A diet high in (free) sugars can alter the amount of “good” bacteria in our gut. Free sugars are sugars added to packaged foods. They also include sugars that are naturally present in honey, syrups and fruit juices (but not whole fruit).
Our “good” bacteria are kept busy in our gut digesting the fibre in fruits, vegetables, nuts and wholegrains turning them into molecules that protect the lining of our gut and feed other “friendly” bacteria. The greater the variety of wholefoods we consume, the more “workers” we have looking after our gut.
Too much sugar in our diet can reduce the diversity of bacteria in our gut leaving room for disease-causing bacteria to dominate.
If we continue eating too many refined foods, packaged foods and sugar, go through periods of high stress, or party too hard, these “workers” are put out of work and leave the gut. This opens up space for less friendly, potentially pathogenic bacteria to take-over and dominate.
The result? Over time, this imbalance of bacteria in the gut can increase risk of gut symptoms such as:
What sugars should we avoid?
Sugar can be hidden amongst the ingredients list without you even realising. This is because sugar has a variety of code names. Although some may sound more “natural” they are still classified as sugar.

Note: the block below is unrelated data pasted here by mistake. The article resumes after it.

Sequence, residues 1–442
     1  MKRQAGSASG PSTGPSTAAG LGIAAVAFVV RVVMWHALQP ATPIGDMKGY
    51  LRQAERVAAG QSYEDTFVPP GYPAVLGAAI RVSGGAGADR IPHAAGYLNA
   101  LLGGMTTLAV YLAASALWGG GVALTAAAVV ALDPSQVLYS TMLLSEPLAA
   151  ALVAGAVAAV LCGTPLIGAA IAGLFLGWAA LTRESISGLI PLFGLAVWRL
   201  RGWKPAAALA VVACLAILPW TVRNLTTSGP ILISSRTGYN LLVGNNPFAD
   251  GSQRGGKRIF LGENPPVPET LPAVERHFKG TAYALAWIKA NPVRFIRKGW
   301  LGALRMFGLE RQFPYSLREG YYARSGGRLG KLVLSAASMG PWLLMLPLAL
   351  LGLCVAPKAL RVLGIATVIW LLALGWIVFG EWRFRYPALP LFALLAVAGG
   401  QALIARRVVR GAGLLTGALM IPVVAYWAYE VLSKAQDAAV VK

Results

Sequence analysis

Some common alternative names for sugar include:
I have included artificial sweeteners on this list even though they are calorie free as they often also stimulate insulin production and interfere with satiety.
Best Sugars for Gut Health
What you’re looking for in a healthier sugar is:
Table of plant based sugars and their Glycaemic Index (GI).
The lower the GI the better for our health, specifically our energy levels, anxiety and mood. Find out more about the link between sugar and anxiety here.
As you’ll see, honey is very close to castor sugar in terms of its impact on blood sugar so it’s helpful to be mindful of how much we use each day.
Ultimately these are all still sugars and should be used in moderation for good health. Too much sugar can increase our risk of anxiety and impact our mental wellbeing.
Wondering how to read a food label for sugar?
Check out my other post on how to work out how many teaspoons of sugar are in a product just by looking at the label - How to read a food label for sugar.